A fund set up to help pay legal expenses incurred by aides to President Trump drawn into the Russia investigation raised about $200,000 in four months, with most of the money coming from some of the president’s most prolific donors, according to documents filed with the Internal Revenue Service.
The largest check came from longtime friend Geoffrey Palmer, a California real estate developer, who donated $100,000, according to the filing, which was submitted to the IRS in July and provided to The Washington Post by the fund Monday. Palmer also has given to America First Action, a super PAC supporting Trump’s legislative agenda.
Other donors included casino businessman Phillip Ruffin, who gave $50,000. Continental Resources, an oil company headed by another longtime supporter, Harold Hamm, gave $25,000.
An additional $22,000 came from ProActive Communications, a media company set up by Mark Serrano, the spokesman for the fund. The remaining money came from donors who contributed less than the minimum required for disclosure.
The Patriot Legal Expense Fund Trust was set up in February to support key associates questioned but not indicted in the probes conducted by special counsel Robert S. Mueller III and Congress to investigate Russian efforts to interfere in U.S. elections.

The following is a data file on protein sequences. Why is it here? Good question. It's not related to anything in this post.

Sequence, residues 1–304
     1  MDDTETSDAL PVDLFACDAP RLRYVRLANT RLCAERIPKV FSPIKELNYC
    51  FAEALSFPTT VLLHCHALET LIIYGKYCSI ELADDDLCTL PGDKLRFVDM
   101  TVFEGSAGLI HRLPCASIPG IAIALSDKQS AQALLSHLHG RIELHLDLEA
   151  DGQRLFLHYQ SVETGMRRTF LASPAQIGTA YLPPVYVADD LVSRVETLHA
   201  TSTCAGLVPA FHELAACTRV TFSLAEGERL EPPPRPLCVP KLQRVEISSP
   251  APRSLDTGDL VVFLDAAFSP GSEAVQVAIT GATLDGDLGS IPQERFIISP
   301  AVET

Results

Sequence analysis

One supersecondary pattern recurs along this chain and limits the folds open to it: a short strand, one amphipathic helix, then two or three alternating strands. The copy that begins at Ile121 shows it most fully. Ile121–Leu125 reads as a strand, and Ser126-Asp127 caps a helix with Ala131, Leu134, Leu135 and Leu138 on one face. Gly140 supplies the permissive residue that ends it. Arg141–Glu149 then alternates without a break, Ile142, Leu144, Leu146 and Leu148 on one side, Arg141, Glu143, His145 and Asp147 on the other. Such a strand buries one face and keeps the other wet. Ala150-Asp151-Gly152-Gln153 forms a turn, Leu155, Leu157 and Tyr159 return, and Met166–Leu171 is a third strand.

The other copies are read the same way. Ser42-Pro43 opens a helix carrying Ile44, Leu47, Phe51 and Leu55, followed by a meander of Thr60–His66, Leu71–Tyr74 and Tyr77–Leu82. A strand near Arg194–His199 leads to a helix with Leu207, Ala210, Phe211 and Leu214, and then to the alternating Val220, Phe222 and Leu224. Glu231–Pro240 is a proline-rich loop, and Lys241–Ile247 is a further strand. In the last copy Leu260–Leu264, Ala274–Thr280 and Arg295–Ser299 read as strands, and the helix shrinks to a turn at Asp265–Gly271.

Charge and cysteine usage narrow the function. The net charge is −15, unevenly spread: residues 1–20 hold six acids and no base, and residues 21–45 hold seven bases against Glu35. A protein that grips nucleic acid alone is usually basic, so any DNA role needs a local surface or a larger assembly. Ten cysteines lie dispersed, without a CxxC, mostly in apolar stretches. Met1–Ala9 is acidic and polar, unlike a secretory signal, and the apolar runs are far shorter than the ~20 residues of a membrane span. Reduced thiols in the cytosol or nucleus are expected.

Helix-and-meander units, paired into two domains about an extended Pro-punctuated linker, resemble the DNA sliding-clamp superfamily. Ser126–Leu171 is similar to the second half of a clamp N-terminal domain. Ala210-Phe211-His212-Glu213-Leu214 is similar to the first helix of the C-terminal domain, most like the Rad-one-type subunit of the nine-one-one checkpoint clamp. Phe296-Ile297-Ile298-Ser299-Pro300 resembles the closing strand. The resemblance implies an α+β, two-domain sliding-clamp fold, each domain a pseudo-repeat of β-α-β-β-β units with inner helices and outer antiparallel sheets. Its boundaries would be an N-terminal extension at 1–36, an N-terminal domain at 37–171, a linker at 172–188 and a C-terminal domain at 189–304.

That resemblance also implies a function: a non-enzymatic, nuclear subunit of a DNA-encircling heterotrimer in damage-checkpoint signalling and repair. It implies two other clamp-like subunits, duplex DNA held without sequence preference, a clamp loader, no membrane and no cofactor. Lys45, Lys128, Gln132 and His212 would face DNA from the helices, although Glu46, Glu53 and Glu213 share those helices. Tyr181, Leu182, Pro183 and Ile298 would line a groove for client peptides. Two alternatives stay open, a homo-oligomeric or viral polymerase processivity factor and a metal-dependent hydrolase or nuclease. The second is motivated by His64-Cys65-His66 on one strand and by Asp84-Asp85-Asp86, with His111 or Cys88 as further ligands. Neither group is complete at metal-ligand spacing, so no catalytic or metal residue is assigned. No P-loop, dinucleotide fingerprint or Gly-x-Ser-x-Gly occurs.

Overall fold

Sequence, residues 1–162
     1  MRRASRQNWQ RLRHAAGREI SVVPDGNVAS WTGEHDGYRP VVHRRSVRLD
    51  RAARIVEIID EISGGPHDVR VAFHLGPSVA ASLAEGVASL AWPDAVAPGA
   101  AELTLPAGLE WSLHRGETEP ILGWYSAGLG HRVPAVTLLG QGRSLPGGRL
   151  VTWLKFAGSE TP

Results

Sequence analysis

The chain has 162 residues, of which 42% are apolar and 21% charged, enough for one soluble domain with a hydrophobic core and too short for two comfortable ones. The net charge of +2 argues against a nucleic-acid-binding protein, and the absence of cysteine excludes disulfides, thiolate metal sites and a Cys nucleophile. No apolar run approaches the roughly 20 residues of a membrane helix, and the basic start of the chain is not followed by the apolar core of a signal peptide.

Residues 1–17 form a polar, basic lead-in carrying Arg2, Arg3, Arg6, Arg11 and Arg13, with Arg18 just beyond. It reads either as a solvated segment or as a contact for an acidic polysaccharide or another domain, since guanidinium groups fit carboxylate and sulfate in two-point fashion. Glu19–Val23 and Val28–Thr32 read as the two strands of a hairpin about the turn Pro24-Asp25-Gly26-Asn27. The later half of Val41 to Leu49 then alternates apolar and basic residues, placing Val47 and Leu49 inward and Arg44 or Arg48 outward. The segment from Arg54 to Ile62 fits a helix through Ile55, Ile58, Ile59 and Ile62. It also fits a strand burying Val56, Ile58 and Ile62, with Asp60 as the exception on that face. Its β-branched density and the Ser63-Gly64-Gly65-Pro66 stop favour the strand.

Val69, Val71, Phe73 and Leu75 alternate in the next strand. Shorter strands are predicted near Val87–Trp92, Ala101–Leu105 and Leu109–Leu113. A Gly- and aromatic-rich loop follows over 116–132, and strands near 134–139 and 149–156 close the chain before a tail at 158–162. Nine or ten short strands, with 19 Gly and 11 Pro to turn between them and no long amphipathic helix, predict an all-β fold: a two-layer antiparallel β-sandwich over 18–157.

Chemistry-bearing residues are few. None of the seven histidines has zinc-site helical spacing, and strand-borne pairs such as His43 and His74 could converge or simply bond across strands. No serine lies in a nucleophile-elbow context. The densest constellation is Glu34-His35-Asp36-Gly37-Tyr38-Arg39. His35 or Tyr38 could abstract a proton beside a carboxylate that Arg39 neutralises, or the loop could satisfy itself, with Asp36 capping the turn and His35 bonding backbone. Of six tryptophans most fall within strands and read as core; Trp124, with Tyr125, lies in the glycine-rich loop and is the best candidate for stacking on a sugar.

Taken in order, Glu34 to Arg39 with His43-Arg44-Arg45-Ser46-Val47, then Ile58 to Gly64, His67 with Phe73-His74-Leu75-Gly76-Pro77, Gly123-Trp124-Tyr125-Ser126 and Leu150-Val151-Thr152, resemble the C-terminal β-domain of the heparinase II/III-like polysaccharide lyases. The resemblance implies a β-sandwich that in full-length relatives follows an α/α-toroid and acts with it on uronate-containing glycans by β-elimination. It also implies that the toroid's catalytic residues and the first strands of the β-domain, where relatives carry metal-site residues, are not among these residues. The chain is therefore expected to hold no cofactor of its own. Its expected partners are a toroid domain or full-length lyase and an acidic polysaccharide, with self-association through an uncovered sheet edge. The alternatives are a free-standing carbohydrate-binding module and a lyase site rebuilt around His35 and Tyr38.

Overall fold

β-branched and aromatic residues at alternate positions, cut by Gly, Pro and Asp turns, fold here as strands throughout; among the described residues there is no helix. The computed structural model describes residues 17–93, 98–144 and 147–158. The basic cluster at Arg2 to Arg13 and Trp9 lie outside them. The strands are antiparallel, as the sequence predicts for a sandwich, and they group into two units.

Several dozen White House employees and former campaign staffers have been questioned in the probes so far.
The IRS filing, which was provided to The Post by a representative of the fund, shows that the fund collected $202,532 through June 30, and that the only payments were to the accounting firm CliftonLarsonAllen and Petra RMS, a risk management firm based in Alabama.
The fund’s representative did not respond to questions about how donations were solicited or whether any individual received money through the fund for legal services.
Donations to legal defense funds for public officials usually are capped at a certain amount, though paperwork filed with the Office of Government Ethics in January by the fund’s founder listed no limitations.
Contributions to similar legal funds set up to assist President Bill Clinton and first lady Hillary Clinton in the 1990s were voluntarily capped at $1,000 for the first fund and $10,000 for the second, according to research by Ellen Aprill, a tax law expert at Loyola Law School in Los Angeles.